A weeklong trip to Iceland with Good Faith Experiences turned out to be a real treat, and not just because the average daytime temperature was in the 50s.

Quality time with people like John Pierce and Bruce Gourley, along with 17 friends and supporters of Good Faith Media, was special, and then there’s, well, Iceland. 

The tiny nation bills itself as the land of fire and ice for good reason. A volcanic eruption on the side of a mountain called Litli Hrútur was in process while we were there. We could see the smoke from Reykjavik, and about half of our crew took helicopter rides to view the action from above, watching the incandescent lava bubbling into long red streams of molten rock that gushed from the crater but grew more sluggish as it cooled. 

On the other extreme, we strapped crampons to our boots for an hour-long hike on a glacier, where the guide pointed to landmarks on a cliff to show how much the ice had melted in the past ten years – well over a hundred feet. 

(Credit: Tony W. Cartledge)

We could visit geysers and sulfurous boiling springs one day and watch calving icebergs float in a clear blue lagoon on the next. We marveled at tall mountains, steep canyons, and waterfalls too majestic for words. 

Picturesque churches dotted the landscape, most of them Lutheran, which was long ago adopted as the state religion, though only half of the population claims a Lutheran identity now. 

In the town of Vik (pronounced “Veek”), we stopped by a hilltop church so we could take in the stunning view overlooking the town and the ocean beyond, where weathered basalt cliffs gave way to rocky columns standing in the surf beyond a black sand beach. 

The town is downhill from Katla, one of Iceland’s mightiest volcanoes. Katla has a history of erupting about every 50 years, and it’s long overdue for the next big blow. The townspeople have taken steps to be prepared when that happens, including plans for evacuation. 

Our guide explained, “Everyone knows that if the volcano erupts or there’s an earthquake, in case of emergency, go to the church.” 

The church is not only known to everyone, but located on a hill, so it is a natural gathering point for taking a head count and evacuating people by helicopter, if need be. 

The whole idea had metaphor written all over it. How many people treat the church in precisely that way? In case of emergency, go to the church. If trouble comes, start praying. When all else fails, turn to God. 

It’s always bothered me that so many people profess faith in the same way they buy fire insurance, with little regard for what happens between then and the final day of trouble when they hope to cash in a ticket to heaven.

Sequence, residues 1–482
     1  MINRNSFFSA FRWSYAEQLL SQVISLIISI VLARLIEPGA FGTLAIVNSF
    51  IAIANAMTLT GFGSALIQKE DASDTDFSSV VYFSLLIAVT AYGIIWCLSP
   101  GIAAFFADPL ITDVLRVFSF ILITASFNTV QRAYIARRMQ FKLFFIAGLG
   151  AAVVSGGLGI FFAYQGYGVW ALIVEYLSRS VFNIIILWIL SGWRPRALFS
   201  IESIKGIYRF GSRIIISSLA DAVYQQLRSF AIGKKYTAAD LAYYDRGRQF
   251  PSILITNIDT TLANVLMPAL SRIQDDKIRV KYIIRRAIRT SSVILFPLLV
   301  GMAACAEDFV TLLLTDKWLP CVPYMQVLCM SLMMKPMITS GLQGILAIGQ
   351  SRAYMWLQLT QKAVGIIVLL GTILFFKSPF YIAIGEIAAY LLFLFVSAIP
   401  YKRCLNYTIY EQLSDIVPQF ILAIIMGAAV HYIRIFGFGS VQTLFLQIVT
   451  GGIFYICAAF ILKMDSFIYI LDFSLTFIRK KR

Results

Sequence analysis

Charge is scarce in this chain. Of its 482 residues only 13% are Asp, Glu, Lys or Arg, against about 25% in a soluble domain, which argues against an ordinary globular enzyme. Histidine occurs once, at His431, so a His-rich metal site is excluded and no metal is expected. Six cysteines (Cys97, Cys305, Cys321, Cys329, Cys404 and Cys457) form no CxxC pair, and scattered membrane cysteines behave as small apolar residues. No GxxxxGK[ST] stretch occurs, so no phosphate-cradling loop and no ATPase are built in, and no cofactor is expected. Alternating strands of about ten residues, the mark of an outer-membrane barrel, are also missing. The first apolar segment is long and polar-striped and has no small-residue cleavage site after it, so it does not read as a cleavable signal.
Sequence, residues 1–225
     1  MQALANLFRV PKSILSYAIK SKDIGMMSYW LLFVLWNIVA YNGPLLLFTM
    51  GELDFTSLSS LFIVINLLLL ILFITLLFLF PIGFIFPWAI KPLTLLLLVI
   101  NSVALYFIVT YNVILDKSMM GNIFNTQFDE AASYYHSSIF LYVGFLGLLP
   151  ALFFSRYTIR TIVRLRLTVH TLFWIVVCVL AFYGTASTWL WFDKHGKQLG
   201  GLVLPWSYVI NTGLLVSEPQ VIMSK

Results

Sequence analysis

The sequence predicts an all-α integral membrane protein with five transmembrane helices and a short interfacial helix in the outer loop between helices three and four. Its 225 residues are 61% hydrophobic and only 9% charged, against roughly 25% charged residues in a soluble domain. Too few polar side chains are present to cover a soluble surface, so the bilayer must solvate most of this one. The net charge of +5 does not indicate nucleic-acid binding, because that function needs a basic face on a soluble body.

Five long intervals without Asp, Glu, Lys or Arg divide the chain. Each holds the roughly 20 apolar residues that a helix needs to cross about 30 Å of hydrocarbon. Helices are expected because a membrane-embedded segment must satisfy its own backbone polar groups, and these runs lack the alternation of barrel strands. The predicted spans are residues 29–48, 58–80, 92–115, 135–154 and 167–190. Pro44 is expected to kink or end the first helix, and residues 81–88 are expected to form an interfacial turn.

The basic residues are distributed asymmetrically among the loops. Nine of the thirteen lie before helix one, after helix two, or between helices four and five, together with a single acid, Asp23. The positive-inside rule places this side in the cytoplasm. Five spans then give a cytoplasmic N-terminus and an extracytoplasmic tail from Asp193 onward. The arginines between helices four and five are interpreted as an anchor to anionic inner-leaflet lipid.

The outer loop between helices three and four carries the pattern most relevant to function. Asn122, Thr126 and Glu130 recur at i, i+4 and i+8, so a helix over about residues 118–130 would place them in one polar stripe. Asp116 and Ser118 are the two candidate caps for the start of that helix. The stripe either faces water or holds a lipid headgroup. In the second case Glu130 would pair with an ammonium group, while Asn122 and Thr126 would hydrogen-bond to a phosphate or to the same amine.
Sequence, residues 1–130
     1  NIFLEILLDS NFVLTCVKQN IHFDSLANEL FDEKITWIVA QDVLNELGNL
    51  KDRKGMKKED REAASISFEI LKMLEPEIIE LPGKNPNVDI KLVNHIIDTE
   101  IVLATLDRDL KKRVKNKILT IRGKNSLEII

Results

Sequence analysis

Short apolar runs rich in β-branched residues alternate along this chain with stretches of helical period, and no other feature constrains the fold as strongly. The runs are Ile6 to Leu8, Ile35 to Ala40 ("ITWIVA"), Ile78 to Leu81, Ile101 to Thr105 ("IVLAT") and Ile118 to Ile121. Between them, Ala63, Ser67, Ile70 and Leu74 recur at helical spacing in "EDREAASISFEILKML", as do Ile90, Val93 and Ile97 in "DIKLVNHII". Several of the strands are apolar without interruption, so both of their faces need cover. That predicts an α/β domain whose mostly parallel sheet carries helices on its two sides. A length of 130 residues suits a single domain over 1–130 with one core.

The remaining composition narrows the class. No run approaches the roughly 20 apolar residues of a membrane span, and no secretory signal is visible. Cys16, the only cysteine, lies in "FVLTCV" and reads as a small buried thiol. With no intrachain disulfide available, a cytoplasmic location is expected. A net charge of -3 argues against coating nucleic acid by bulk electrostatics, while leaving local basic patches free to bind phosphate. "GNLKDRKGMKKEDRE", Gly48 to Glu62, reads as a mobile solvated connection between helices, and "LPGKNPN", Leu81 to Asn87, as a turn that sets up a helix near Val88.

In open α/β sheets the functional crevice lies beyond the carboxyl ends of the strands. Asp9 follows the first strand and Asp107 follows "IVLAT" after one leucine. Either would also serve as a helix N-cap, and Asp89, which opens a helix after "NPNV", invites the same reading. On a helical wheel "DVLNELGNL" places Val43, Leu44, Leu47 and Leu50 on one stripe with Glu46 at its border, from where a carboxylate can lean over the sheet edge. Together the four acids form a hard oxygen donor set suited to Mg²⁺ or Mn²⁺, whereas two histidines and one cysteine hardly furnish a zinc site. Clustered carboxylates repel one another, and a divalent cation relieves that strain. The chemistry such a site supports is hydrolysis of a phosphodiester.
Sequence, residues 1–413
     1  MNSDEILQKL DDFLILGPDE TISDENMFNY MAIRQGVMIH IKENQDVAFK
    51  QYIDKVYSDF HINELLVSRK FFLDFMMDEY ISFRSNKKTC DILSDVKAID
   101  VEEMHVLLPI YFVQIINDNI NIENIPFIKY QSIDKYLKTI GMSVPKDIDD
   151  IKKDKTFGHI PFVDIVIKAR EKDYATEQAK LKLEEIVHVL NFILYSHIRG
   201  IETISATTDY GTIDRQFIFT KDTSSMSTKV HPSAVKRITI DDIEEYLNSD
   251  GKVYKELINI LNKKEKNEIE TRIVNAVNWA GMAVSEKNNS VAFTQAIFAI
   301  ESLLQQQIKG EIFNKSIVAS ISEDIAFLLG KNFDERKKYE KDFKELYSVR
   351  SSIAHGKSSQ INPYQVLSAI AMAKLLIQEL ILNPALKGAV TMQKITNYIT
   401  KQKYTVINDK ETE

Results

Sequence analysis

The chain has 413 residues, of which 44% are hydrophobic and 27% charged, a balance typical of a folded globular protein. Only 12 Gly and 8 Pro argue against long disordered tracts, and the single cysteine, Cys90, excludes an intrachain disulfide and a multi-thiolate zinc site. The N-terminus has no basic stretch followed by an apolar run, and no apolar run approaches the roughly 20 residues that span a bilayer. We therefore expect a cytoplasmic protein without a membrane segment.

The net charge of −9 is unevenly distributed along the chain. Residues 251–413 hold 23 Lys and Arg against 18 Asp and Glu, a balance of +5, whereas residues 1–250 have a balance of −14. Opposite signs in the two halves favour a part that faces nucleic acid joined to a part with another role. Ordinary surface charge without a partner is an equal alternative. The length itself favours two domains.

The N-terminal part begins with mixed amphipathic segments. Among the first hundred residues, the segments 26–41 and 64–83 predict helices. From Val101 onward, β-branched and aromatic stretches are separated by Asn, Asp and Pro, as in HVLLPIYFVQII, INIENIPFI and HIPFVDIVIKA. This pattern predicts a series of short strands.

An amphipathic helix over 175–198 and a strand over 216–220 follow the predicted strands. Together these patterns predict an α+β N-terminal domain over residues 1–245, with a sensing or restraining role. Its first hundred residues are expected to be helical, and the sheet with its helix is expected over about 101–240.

It’s not about following Jesus on the road to a better world, it’s all about covering one’s bases. 

(Credit: John D. Pierce)

The metaphor expanded when we drove by another church in a small seaside community. Known as the Strandarkirkja – which means something like “strand/beach church,” it has developed a reputation as a useful connection to God in times of need. 

Our guide told us it was one of the richest churches around because, through the years, when sailors were in danger of shipwreck or drowning off the treacherous coasts, they would often pray and promise to give an offering to the Strandarkirkja if they made it safely to shore. 

The practice isn’t limited to sailors. Our bus driver told me that he once worked with a group who had come in winter to see the Northern Lights. After nearly a week of cloudy weather, they were on the verge of having to return home without a single glimpse of the alluring atmospheric phenomenon. 

Wanting his group to have a good experience, he promised to give an offering to the Strandarkirkja if his guests could see the Northern Lights. The next night he was able to find a spot where the skies cleared just enough for them to get their wish, or so he said. 

When I wrote my PhD dissertation, now ages ago, it was about vows in the Hebrew Bible and the ancient Near East. The Old Testament contains several examples of people who faced times of trouble, and they asked God for help, promising to give something valuable to God in return. 

We find their stories in places like Genesis 28 (Jacob), Numbers 21 (Israel), Judges 11 (Jephthah), and 1 Samuel 1 (Hannah). Psalmists often promised an extra dose of public praise if God would deliver them from trouble. The practice was governed by clear rules in Leviticus 27, Numbers 6, and Numbers 30: if a person made a vow and God came through, they had no choice but to pay what was promised. 

We don’t call that “making a vow” these days, but the practice remains common. Prayers are rare until trouble comes, but in case of emergency, we go to the church, or we pray for God to get us out of whatever unhappy situation has arisen. 

Sometimes, we promise that if God will come through, we’ll be more faithful in our living, or more supportive of the church. Whether we keep those promises or not, the practice betrays a commercial approach to faith, an attempt to buy God’s favor. 

One doesn’t have to spend much time in the gospels to know that’s a far cry from Jesus’ call to a life of love and self-sacrifice, not for what we get out of it, but for the sake of the world, because it’s the right thing to do. 

Take that approach, and in case of emergency, we won’t need to go to the church: we’ll be the church. 

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